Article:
The Scottsville swimming pool

Contributed by Evelyn Edson, President
Scottsville Museum

The Scottsville swimming pool is closed now for the winter but, come Memorial Day, the pool will resound once more with the splashes and joyful shouts of young swimmers.  The pool was constructed in 1961 as a private organization by a group of local citizens.  It is financed by members’ dues, today ranging from $270 to $575, depending on the size of your family. 

So far as we know the pool flourished through the 1960s and 1970s with little controversy, but in 1983, the Stout family applied for membership. Their family included five foster children, two of whom were Black boys. The Stouts were renting the former Tros-Dale Home for Boys near Keene and had changed its status from a home for boys to a foster home in 1981.  

The governing board of the pool initially accepted the Stouts’ application, but in the ensuing furor that board was voted out, and new members were elected who reversed the decision on the grounds that the Stouts were not a family but an “organization.” The community split over the issue, with those suppaorting the Stouts accusing the opposition of racism. Admittedly the pool had never had a Black family as part of the membership. Said one board member, “We’ve never had a Black applicant.”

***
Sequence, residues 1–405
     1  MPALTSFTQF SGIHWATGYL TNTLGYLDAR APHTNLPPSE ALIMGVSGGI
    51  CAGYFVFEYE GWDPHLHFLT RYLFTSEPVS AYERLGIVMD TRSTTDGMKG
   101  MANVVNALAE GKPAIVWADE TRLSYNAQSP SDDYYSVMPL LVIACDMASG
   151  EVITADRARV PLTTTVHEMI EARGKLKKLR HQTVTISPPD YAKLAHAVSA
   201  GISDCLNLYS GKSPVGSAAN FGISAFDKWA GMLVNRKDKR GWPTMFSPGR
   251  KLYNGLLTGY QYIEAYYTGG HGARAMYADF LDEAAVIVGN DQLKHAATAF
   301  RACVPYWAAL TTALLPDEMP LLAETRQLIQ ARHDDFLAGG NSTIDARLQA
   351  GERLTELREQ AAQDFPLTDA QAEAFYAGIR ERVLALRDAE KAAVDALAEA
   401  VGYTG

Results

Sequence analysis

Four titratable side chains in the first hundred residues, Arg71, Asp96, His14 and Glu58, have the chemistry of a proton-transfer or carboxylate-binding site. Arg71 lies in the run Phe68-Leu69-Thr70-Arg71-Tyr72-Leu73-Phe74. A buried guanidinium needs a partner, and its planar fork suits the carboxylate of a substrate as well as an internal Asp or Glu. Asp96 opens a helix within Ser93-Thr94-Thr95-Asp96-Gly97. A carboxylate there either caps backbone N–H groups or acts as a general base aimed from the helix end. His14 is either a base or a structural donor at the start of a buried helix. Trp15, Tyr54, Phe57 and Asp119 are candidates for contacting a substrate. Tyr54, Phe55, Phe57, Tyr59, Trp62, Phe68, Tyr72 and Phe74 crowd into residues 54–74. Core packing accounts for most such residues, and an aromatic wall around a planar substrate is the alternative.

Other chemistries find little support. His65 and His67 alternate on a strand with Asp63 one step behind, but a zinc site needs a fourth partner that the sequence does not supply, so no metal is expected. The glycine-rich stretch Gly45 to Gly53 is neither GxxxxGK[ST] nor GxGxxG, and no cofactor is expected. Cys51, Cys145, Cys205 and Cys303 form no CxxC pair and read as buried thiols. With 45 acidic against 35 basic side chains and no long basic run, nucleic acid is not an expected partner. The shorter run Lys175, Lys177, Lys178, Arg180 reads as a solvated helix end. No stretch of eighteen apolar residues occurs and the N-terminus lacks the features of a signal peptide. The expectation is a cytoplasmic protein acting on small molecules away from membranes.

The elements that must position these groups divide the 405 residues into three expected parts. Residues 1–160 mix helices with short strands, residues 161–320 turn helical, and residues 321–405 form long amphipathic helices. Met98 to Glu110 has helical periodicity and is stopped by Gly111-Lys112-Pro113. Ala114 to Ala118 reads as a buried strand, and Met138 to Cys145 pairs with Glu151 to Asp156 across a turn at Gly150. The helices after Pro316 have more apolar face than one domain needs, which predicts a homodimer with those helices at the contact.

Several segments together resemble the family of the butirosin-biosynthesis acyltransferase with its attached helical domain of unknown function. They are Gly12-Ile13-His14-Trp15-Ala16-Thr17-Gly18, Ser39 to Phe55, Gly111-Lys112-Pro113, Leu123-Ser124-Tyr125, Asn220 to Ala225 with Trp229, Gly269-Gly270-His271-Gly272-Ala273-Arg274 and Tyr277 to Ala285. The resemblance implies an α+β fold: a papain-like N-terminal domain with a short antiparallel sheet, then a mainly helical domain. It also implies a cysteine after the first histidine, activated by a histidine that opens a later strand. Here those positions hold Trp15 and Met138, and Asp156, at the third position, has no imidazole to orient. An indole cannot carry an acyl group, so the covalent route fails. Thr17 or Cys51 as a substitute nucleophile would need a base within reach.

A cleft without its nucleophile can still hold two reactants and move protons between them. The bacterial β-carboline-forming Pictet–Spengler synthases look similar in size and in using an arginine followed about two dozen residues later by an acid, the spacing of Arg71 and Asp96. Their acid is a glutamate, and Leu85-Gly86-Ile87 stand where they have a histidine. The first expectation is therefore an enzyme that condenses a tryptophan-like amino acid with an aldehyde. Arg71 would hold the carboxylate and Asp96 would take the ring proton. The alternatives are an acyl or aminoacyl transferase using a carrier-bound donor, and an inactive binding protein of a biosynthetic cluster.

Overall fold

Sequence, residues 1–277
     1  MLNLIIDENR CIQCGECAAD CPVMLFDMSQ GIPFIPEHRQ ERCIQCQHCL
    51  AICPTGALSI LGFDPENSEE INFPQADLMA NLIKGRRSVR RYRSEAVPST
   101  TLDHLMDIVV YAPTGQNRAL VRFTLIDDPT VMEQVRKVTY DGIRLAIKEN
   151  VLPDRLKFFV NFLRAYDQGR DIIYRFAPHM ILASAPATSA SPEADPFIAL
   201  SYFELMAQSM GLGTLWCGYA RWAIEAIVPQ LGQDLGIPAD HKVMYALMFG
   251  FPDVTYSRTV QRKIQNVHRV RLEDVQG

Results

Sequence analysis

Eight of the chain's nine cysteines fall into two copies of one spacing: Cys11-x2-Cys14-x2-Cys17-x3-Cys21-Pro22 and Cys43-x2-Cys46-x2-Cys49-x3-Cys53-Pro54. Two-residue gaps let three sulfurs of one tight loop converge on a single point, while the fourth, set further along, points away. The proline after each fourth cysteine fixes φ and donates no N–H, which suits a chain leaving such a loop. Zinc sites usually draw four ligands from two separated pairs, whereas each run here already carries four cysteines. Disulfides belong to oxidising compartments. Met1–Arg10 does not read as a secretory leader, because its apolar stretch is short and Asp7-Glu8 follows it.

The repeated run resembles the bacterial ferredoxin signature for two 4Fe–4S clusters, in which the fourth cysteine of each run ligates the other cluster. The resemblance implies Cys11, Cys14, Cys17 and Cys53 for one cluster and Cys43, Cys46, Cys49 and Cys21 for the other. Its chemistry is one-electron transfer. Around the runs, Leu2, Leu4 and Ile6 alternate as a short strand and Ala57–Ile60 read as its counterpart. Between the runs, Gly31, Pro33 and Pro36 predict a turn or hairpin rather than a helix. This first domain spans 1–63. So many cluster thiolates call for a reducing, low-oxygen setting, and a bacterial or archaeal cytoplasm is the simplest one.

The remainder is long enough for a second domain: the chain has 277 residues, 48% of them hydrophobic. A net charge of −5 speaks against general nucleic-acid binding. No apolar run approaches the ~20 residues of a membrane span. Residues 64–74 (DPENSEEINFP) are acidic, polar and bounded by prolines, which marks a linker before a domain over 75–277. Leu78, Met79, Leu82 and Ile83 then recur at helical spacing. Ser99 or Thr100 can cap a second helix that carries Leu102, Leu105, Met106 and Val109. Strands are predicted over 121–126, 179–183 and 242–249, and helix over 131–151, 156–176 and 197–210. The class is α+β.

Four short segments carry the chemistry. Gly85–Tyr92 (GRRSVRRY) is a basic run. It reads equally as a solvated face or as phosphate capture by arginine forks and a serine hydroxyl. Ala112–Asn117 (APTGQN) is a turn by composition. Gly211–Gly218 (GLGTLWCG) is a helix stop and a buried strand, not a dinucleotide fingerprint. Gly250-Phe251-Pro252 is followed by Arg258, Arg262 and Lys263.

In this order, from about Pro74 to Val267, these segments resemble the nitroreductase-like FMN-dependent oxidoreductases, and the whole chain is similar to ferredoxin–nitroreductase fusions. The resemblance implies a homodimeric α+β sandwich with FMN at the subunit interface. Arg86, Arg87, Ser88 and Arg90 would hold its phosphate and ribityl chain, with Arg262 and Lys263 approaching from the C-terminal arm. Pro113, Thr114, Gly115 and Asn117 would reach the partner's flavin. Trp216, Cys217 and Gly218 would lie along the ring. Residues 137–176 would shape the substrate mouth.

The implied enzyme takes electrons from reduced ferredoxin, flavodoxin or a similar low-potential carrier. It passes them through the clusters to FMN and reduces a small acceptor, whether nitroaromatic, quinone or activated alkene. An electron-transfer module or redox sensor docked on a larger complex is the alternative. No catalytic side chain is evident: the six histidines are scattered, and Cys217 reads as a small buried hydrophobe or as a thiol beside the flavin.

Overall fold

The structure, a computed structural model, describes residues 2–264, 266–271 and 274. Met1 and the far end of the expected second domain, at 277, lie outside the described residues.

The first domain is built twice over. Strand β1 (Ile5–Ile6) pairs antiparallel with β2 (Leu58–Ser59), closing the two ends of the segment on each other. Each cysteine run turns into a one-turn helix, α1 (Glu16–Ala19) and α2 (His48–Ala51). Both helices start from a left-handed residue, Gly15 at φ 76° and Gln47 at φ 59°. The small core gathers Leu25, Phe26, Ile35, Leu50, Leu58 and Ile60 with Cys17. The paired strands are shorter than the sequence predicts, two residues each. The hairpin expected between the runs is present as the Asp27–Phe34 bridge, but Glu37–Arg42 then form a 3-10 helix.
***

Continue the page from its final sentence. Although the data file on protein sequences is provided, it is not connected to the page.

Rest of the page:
In The Sum of Us, a recent book by Heather McGhee, one chapter is entitled “Racism Drained the Pool.” The author says that there was a burst of public pool building in the U.S. in the 1920s and 1930s. These pools were for White people only, and when integration began, especially in the schools, Black taxpayers wondered why they could not use the pools they had paid for. Some communities responded by converting the pool to a private club and some by closing the pool, even filling it full of cement and paving it over. In Scottsville some members gave up their membership in protest, but the pool was not destroyed.  

The Scottsville pool is now open to people of all races:  “We do not discriminate on the basis of race, religion, national origin, color, sex, age, or disability,” according to its website.  Twice a week, it plays host to children from the Scottsville Boys and Girls Club which has both Black and White participants.  I do not know when it began to serve everyone and would like to hear from you if you know more.

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